Anuvu’s recent decision to contract Telesat for approximately ten gigabits of Ka-band satellite capacity — on the Telesat 19V Vantage GEO satellite, specifically — begs a number of questions, including when we should expect to see airlines test or adopt the firm’s Ka inflight connectivity solution. But while Anuvu continues to put the pieces in place to support Ka IFC, the maritime market is expected to exploit this capacity first.
In past years, Anuvu (formerly Global Eagle) has purchased capacity in the Ku, Ka and C-band for its maritime customers. And it already supports Ka connectivity installations on some vessels. The capacity secured by Anuvu on Telesat’s 19V Vantage high throughput satellite, which will be delivered starting next month, is largely oriented for the Caribbean (as well as the southeastern US, the Gulf of Mexico and Central America) making this new capacity deal with Telesat more of a maritime play, at least in the near-term.
But as Anuvu states, this GEO capacity arrangement is part of a “bridge to LEO”, which will help ensure an upgrade path to Telesat’s Lightspeed LEO network, including for Anuvu’s aero customers.
That bridge will include the forthcoming Anuvu Constellation of microGEO satellites (comprising a mixture of Ku- and Ka-band satellites). But it could also include additional Ka GEO capacity deals forged in other regions of the world, Anuvu EVP connectivity Mike Pigott confirms when asked by RGN if we should expect similar Ka GEO deals elsewhere.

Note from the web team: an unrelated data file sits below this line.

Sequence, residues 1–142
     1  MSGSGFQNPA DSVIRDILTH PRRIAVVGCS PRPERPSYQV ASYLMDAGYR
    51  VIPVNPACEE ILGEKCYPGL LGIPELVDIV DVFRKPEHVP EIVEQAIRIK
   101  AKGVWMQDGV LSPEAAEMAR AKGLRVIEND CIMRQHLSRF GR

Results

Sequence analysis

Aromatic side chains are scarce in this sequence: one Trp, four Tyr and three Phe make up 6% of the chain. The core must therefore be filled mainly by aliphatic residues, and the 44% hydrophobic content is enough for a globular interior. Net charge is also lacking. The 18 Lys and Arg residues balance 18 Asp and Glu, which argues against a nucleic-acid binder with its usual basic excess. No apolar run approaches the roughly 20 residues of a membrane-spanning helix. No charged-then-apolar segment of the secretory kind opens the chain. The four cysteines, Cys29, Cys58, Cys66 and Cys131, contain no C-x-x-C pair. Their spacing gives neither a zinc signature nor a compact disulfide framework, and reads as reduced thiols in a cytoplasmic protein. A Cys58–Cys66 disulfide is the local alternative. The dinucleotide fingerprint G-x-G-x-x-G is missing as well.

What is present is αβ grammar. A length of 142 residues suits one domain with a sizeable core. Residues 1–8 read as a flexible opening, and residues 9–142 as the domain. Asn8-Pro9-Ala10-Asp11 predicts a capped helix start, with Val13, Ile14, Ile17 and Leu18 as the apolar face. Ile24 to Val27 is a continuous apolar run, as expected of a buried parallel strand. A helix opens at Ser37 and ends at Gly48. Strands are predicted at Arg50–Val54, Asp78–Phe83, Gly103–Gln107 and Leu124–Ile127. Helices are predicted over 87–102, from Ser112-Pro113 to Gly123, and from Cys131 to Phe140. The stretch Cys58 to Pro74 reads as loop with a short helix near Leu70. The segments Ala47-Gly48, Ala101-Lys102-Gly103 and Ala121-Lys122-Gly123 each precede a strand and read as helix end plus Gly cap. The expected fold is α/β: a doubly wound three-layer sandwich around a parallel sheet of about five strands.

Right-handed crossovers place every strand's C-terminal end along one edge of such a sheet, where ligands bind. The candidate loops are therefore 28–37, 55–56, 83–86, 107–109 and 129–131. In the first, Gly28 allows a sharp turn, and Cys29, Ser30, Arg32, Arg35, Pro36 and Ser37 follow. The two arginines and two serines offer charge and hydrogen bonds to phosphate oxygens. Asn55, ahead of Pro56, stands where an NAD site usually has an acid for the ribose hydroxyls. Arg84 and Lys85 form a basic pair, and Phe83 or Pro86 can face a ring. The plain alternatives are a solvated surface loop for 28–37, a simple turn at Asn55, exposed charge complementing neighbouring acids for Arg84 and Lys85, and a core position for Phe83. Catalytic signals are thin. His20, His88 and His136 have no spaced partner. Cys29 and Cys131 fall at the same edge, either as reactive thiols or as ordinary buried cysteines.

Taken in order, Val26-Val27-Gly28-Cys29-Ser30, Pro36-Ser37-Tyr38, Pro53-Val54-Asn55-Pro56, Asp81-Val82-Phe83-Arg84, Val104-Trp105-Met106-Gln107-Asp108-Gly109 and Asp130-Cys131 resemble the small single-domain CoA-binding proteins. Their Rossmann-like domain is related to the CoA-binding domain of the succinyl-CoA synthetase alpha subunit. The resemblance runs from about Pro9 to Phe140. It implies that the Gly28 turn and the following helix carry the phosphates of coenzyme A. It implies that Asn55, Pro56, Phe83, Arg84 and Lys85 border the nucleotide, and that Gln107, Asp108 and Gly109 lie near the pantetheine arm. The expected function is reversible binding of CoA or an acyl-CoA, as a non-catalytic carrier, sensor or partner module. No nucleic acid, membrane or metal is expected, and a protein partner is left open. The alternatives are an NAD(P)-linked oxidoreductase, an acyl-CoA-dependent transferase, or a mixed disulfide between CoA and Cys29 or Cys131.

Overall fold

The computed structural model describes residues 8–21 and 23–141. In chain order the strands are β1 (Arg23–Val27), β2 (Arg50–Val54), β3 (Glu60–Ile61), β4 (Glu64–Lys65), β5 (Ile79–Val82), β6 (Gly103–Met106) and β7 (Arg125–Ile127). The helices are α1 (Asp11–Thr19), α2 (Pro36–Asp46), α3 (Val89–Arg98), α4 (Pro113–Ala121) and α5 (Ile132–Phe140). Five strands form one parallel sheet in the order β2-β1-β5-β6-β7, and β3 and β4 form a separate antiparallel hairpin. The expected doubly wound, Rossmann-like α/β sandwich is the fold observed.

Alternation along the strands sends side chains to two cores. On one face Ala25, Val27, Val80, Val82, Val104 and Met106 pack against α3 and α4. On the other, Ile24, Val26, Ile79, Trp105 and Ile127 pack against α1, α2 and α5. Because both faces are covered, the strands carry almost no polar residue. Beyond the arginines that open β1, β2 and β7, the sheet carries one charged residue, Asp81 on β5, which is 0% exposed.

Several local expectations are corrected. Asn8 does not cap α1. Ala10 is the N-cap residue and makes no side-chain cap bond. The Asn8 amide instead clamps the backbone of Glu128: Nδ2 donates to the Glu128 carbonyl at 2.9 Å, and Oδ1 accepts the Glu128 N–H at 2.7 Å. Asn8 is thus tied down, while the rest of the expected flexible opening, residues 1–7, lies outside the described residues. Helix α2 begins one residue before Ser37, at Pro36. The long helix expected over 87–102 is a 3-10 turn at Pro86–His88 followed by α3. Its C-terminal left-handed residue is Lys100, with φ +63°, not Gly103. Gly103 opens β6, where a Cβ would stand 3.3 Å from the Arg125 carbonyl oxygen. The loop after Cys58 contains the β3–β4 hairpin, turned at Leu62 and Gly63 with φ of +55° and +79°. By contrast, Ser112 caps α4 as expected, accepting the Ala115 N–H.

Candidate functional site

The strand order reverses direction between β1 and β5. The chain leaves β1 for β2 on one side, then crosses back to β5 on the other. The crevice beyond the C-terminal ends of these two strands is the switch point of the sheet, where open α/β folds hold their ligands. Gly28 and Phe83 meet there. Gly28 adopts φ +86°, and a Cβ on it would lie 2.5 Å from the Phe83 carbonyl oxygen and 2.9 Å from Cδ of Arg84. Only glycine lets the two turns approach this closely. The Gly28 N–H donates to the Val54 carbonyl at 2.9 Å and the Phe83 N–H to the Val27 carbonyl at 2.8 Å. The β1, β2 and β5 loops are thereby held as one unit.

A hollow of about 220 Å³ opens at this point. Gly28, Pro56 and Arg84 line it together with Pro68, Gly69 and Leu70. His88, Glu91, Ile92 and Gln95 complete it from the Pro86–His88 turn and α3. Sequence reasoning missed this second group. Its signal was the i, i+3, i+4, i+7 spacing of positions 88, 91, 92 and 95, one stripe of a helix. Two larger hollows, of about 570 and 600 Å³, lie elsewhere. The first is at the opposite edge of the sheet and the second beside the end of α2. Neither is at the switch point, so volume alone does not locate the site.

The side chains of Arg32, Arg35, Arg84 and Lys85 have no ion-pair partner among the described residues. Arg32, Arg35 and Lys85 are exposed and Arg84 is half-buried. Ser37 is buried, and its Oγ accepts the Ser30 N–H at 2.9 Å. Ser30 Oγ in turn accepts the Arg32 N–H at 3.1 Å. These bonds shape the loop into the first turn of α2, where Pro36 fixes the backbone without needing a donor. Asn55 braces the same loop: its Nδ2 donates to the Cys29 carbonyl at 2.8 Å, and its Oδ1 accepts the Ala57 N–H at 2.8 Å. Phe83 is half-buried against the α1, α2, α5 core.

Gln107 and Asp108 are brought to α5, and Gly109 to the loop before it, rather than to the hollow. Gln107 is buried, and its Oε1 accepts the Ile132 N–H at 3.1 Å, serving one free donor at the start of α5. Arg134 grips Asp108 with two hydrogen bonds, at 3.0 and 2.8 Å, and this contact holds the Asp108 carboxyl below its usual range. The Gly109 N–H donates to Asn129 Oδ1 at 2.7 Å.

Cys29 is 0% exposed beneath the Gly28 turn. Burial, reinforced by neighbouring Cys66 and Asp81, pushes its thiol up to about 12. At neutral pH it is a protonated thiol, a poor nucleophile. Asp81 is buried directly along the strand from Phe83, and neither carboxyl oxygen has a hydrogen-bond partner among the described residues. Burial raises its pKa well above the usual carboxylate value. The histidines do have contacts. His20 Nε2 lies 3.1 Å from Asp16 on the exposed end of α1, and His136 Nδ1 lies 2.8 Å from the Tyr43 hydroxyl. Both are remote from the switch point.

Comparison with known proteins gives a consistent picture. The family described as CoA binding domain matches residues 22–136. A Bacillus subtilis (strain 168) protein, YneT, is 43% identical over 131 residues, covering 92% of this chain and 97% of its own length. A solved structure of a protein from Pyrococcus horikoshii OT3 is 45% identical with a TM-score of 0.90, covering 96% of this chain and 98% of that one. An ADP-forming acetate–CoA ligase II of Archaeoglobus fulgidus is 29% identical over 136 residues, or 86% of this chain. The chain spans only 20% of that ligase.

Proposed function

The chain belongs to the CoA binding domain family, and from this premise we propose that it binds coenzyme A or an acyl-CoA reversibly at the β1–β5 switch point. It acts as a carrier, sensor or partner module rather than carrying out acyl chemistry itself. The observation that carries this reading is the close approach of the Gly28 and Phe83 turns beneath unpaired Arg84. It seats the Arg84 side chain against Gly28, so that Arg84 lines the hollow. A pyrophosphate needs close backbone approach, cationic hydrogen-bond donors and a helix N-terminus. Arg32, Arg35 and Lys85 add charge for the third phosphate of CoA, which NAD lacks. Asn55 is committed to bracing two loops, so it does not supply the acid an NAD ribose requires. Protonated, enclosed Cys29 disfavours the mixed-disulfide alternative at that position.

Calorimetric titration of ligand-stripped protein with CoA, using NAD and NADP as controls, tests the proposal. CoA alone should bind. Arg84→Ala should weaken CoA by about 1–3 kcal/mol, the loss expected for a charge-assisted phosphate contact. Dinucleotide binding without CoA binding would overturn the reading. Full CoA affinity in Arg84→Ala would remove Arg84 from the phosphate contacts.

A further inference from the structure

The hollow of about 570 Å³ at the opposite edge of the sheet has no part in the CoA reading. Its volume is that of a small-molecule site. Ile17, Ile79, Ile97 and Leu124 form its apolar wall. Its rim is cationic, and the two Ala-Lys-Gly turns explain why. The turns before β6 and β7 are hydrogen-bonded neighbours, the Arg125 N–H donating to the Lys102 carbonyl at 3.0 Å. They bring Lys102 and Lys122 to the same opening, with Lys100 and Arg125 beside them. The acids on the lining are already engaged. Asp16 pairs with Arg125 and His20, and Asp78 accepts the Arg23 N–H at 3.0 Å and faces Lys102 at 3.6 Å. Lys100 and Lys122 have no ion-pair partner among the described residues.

A larger Ka GEO footprint would obviously better position Anuvu to attract airline customers for its Ka inflight connectivity solution (or indeed support current Ku-band IFC customers’ pivot to Ka, should they so choose). Anuvu counts Norwegian, Southwest and Turkish Airlines as customers for Ku-band inflight connectivity.
In terms of airline first movers or trials of Ka IFC, Anuvu demurs, but as readers are fully aware, Anuvu has been readying for this paradigm. Its Qest-made Ka aero terminal is entering the prototype phase and Anuvu “expect to have that ready this year”, says Pigott.
Did the delay to Telesat’s Lightspeed schedule impact Anuvu’s decision to tap this 19V satellite capacity? No, it hasn’t, according to Pigott, stressing again that it is part of the bridge to LEO, and beyond that to Anuvu’s future hybrid GEO/microGEO/LEO network for concentrated areas.
Interestingly, the Anuvu executive confirms that the firm is “open to” a hybrid of another kind — that of a hybrid Ku/Ka-band frequency antenna system in aero.
In terms of hardware, whilst Anuvu is nearly ready to support Ka IFC with the Qest-made mechanically steered Ka-band antenna — and this can also operate over LEO — it is keeping a close eye on the electronically steerable antenna market. Management has not yet seen the holy grail of price, performance and productivity achieved with modern ESAs, but Pigott reckons the ESAs are coming “pretty close”.
Also of note, Anuvu’s satellite capacity relationship with Intelsat is still very much in play, though the two now compete for IFC contracts following Intelsat’s acquisition of Gogo’s commercial unit. Intelsat is “still a key partner” and Anuvu still has “a good amount of capacity on their network, across maritime and aviation”, confirms Pigott.
Featured image credited to Telesat